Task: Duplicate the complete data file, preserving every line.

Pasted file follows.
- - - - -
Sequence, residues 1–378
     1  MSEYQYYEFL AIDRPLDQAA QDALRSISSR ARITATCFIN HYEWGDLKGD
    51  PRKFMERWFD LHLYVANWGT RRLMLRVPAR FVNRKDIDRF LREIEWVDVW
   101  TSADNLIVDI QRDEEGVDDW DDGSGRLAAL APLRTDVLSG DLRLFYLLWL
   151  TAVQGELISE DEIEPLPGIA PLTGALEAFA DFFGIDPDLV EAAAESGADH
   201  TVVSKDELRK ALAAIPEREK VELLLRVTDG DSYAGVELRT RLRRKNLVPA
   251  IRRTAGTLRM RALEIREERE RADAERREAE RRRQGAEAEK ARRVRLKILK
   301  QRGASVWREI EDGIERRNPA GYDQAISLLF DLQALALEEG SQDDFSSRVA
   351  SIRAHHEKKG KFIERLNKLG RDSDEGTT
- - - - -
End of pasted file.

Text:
Sequence, residues 1–378
     1  MSEYQYYEFL AIDRPLDQAA QDALRSISSR ARITATCFIN HYEWGDLKGD
    51  PRKFMERWFD LHLYVANWGT RRLMLRVPAR FVNRKDIDRF LREIEWVDVW
   101  TSADNLIVDI QRDEEGVDDW DDGSGRLAAL APLRTDVLSG DLRLFYLLWL
   151  TAVQGELISE DEIEPLPGIA PLTGALEAFA DFFGIDPDLV EAAAESGADH
   201  TVVSKDELRK ALAAIPEREK VELLLRVTDG DSYAGVELRT RLRRKNLVPA
   251  IRRTAGTLRM RALEIREERE RADAERREAE RRRQGAEAEK ARRVRLKILK
   301  QRGASVWREI EDGIERRNPA GYDQAISLLF DLQALALEEG SQDDFSSRVA
   351  SIRAHHEKKG KFIERLNKLG RDSDEGTT